I like this advert. I think it is thought provoking and worth a watch. However, as I watched it for a second time, I realised why it didn’t really hit home. It felt alien to me and I felt pity rather than anger and certainly no resentment or even indignation.
When I was 11 years old I told my Dad I was going to win the village running race (that meant beating all of the boys too). He believed me, believed in me, trained with me and supported me with all his heart and all his energy. I don’t think it even crossed his mind that according to our societal and cultural norms, girls were not supposed to beat the boys…
I didn't win the race, but that's not the point. The point is that in my mind it was possible.
Over 20 years, and many running races later, he still believes in me, supports and counsels me… and I still don’t think the possibility of me achieving less as a woman (than I would if I were a man) has entered his head. Laci Green would say he’s a feminist, and I’d tend to agree.
There were three children in our house growing up. Our household was “traditional” in the sense that my Dad went to work to earn money and my Mum supported the business, running all of the administration and bringing up the children at the same time. Not so “traditionally”, the household chores were divided equally; my sister, my brother and I all used to take turns to help milking the goats, feeding the chickens, hanging out the washing, vacuuming and dusting, unpacking the dishwasher, changing the bed-sheets. My Mum told me repeatedly to make sure that I never had to be financially dependent on anyone.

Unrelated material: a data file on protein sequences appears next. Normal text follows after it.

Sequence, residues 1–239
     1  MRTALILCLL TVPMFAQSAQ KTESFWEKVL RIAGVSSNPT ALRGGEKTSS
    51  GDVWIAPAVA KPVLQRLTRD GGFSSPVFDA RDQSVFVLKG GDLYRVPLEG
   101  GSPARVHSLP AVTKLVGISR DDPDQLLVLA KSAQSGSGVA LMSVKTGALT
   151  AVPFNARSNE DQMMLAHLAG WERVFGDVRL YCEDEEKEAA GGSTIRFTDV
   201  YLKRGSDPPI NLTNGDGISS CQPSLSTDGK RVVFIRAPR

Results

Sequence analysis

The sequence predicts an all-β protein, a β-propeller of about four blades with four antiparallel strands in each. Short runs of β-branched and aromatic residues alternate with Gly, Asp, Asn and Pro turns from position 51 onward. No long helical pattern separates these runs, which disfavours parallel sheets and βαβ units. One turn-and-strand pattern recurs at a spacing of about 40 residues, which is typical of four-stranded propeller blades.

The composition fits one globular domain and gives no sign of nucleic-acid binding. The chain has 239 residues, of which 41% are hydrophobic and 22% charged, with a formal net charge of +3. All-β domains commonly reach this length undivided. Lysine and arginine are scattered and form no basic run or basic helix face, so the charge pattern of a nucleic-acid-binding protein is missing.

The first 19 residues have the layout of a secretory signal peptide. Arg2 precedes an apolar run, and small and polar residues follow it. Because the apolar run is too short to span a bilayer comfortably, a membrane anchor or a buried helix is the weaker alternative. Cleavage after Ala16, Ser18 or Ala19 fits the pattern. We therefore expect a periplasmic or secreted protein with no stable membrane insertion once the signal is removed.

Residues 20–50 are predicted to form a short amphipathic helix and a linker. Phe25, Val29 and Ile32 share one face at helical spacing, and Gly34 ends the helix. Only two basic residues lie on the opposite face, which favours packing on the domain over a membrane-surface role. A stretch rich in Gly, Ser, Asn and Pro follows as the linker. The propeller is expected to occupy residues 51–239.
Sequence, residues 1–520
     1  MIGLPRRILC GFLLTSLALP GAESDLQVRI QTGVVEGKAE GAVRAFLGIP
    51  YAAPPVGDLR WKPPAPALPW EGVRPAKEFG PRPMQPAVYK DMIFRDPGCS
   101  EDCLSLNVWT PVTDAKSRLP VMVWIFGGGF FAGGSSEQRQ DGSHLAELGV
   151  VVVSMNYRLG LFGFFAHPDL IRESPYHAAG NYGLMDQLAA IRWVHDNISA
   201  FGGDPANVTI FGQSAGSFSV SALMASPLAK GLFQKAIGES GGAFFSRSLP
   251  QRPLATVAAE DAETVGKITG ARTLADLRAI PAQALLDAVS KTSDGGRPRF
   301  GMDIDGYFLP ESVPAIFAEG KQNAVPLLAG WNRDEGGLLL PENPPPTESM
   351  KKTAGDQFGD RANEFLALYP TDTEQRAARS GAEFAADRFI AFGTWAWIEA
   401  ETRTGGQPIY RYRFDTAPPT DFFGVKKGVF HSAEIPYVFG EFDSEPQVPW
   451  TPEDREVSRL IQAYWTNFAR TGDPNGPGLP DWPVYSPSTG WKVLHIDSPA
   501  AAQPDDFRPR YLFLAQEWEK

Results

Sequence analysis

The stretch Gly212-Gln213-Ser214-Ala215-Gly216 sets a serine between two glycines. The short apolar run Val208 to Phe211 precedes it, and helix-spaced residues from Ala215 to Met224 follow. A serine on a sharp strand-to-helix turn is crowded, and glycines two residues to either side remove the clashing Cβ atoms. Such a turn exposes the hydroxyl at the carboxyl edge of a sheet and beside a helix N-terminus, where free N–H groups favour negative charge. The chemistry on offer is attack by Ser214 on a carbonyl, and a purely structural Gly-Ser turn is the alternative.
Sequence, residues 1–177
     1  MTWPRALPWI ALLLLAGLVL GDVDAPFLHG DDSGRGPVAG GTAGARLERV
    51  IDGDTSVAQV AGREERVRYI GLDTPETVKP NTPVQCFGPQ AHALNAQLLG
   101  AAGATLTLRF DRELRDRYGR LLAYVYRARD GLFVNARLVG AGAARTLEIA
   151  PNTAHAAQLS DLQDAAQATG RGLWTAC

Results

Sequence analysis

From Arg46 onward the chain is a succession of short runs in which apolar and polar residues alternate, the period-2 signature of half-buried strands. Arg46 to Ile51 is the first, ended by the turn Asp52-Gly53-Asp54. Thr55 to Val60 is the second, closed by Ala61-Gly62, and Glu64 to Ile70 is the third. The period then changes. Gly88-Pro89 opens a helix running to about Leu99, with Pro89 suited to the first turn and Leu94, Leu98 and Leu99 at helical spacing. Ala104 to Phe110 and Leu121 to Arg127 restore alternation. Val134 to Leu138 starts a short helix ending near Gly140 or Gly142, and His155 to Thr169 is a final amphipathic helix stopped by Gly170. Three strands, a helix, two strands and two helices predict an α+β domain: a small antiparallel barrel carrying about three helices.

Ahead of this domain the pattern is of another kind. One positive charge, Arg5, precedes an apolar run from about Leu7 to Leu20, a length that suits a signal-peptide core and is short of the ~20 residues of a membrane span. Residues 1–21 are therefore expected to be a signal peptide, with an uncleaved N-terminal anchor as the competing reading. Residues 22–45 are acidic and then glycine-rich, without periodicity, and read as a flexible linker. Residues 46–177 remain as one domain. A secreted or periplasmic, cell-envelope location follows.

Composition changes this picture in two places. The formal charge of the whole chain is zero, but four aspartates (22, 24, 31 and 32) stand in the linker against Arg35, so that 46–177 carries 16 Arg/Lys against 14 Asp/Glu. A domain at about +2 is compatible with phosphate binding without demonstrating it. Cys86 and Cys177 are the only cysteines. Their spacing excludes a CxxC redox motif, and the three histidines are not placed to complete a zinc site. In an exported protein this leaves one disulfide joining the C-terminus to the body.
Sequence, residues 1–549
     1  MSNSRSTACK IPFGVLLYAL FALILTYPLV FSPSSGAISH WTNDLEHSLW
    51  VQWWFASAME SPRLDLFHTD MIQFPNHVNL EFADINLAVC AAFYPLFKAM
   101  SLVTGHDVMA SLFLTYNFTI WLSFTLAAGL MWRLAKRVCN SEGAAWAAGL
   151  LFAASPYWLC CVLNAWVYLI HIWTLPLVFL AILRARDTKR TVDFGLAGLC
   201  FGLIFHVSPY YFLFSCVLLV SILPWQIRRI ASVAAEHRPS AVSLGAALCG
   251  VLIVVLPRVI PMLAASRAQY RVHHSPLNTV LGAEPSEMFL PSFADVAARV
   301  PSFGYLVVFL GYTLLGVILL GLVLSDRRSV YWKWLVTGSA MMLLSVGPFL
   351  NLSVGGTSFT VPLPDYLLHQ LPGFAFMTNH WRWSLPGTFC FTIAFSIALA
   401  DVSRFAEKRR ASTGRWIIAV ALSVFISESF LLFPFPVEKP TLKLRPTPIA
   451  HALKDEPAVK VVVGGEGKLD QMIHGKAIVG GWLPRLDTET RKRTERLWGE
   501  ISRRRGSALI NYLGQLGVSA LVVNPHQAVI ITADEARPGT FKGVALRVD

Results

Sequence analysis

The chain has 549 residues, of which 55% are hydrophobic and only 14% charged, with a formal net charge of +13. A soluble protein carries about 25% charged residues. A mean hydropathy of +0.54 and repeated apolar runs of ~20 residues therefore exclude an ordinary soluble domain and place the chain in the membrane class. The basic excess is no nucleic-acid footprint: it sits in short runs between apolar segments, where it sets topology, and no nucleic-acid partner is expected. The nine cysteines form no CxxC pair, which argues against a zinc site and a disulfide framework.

I passed my eleven plus exam and went to an all girls grammar school. It was fantastic. The teachers were wonderful, I was top of the class in a few subjects, in many of the sports teams and remained blissfully unaware that “girls were not supposed to beat the boys”. I continued to try my hardest to be the best (that I could be) at everything I did. I am convinced that – of course, in addition to my home life - attending an all girls secondary school, and not being subjected to the expectation that boys are somehow destined for greater things than girls, helped me. I realise it is not a long term solution, but until we are completely rid of this notion that doing something “like a girl” is no longer negatively perceived, by anyone, in any way, my daughters (if they ever exist) will be sent to all-girls schools.
I only really started to think about gender inequalities very recently, since entering the working world where women are under-represented at senior levels, where nobody has a male personal assistant/ secretary and very few men are “stay at home Dads”.
We can do something about this.
As parents, we can ensure that both our sons and daughters give equal opportunities and expectations to people of both genders. Only a few days ago, this photograph of Chrissie Wellington was published in Womens Health Magazine. Many people commented on it saying that they would like their daughters to be seeing more images of women looking strong and powerful like this. I think it is just as important that our sons see women like this.
Sometimes I finish races as the first woman but I don't think I have ever, in my entire adult life, "beaten all of the boys". That doesn't stop me trying.
Thanks Dad. Thanks Mum.